Australian town caves in to Islamic terrorism by banning construction of synagogue

http://www.news.com.au/national/nsw-act/news/bondi-synagogue-ban-over-terrorism-risk-leaves-jewish-community-shocked-and-furious/news-story/6ec6252d613583df7797c7cac2b25de4

Bondi synagogue ban over terrorism risk leaves Jewish community shocked and furious

August 3, 2017

A local council has banned the construction of a synagogue in Bondi because it could be a terrorist target, in a shock move that religious leaders say has caved in to Islamic extremism and created a dangerous precedent.

The decision, which has rocked the longstanding Jewish community in the iconic suburb, was upheld in court this week as the nation reeled from the alleged airline terror threat and debate raged over increased security measures at airports and other public places.

(more…)

August 4, 2017. Tags: , , , , . Islamic terrorism, Islamization, Religion. Leave a comment.

German court says people named “Mohammad” were “justified” in setting fire to a synagogue, and gives them zero jail time

http://www.jpost.com/Diaspora/German-court-calls-synagogue-torching-an-act-to-criticize-Israel-478330

German court calls synagogue torching an act to ‘criticize Israel’

January 13, 2017

A German regional court in the city of Wuppertal affirmed a lower court decision last Friday stating that a violent attempt to burn the city’s synagogue by three men in 2014 was a justified expression of criticism of Israel’s policies.

Johannes Pinnel, a spokesman for the regional court in Wuppertal, outlined the court’s decision in a statement.

Three German Palestinians sought to torch the Wuppertal synagogue with Molotov cocktails in July, 2014.  The local Wuppertal court panel said in its 2015 decision that the three men wanted to draw “attention to the Gaza conflict” with Israel. The court deemed the attack not to be motivated by antisemitism.

Israel launched Operation Protective Edge in the summer of 2014 to stop Hamas rocket attacks into Israeli territory.

The court sentenced the three men – the 31-year-old Mohamad E., the 26 year-old Ismail A. and the 20-year-old Mohammad A.—to suspended sentences. The men tossed self-made Molotov cocktails at the synagogue.  German courts frequently decline to release the last names of criminals to protect privacy.

The attack caused €800 damage to the synagogue. The original synagogue in Wuppertal was burned by Germans during the Kristallnacht pogroms in 1938. Wuppertal has a population of nearly 344,000 and is located in the state of North Rhine-Westphalia.

The court said the men had consumed alcohol and there were no injuries to members of the synagogue.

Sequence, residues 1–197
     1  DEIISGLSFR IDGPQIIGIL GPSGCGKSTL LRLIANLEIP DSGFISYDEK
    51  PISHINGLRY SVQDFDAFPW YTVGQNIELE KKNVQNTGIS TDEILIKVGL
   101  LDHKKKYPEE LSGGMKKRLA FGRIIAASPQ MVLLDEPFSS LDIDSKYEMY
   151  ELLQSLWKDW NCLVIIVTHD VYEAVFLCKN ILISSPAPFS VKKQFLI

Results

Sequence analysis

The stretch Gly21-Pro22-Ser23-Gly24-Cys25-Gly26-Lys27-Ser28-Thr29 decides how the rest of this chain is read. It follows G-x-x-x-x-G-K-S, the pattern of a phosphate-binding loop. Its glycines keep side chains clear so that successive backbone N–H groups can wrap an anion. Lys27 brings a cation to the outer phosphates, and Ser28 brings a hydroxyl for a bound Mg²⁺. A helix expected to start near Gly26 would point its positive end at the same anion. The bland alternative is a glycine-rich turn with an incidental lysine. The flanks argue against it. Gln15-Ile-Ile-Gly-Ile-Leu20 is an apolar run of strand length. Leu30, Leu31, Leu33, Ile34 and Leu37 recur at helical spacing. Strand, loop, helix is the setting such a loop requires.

A 13-year-old who lived near the synagogue and noticed the flames informed the police. Several days before the fire, a person sprayed “Free Palestine” on a wall of the synagogue.

After the local Wuppertal court decision in 2015, Volker Beck, a leading Green Party MP,  said the “attack on the synagogue was motivated by antisemitism” and blasted the court for issuing a decision stating that the goal of the attack was to highlight the war in Gaza.

“This is a mistaken decision as far as the motives of the perpetrators are concerned,” he said, adding that the burning of a synagogue in Germany because of the Middle East conflict can be attributed only to antisemitism.

“What do Jews in Germany have to do with the Middle East conflict? Every bit as much as Christians, non-religious people or Muslims in Germany, namely, absolutely nothing. The ignorance of the judiciary toward anti-Semitism is for many Jews in Germany especially alarming, ” said Beck.

January 13, 2017. Tags: , , , , , , , , , . Islamic terrorism, Islamization, Racism, Religion. 1 comment.

For white nationalists, Trump win a dream come true, says alt-right leader from Dallas

http://www.dallasnews.com/news/dallas/2016/11/16/trumps-rise-first-stage-white-nationalist-movement-says-alt-right-leader-dallas

For white nationalists, Trump win a dream come true, says alt-right leader from Dallas

November 16, 2016

Richard Spencer was euphoric the night Donald Trump was elected president.

“When it happened, I thought I might have been dreaming,” he said.

Spencer, a 38-year-old Dallas native and graduate of St. Mark’s School of Texas prep school, is a key intellectual leader of the alternative right, a label he coined in 2008 to describe the radical conservative movement defined by white nationalism and a fervent resistance to multiculturalism and globalism.

In his mind, Trump “is the first step, the first stage towards identity politics for white people.”

“That is something major,” Spencer said Tuesday night. “He’s not your father’s conservative. He’s not in this to promote free markets or neoconservative foreign politics or to protect Israel, for that matter. He’s in this to protect his people. He’s in this to protect the historic American nation.”

During the interview or shortly after it, Spencer’s Twitter account was suspended, along with those of several other prominent alt-right figures. He called the suspensions an act of “corporate Stalinism” carried out to mollify accusations that social media was responsible for Trump’s election — an analysis with which he agrees.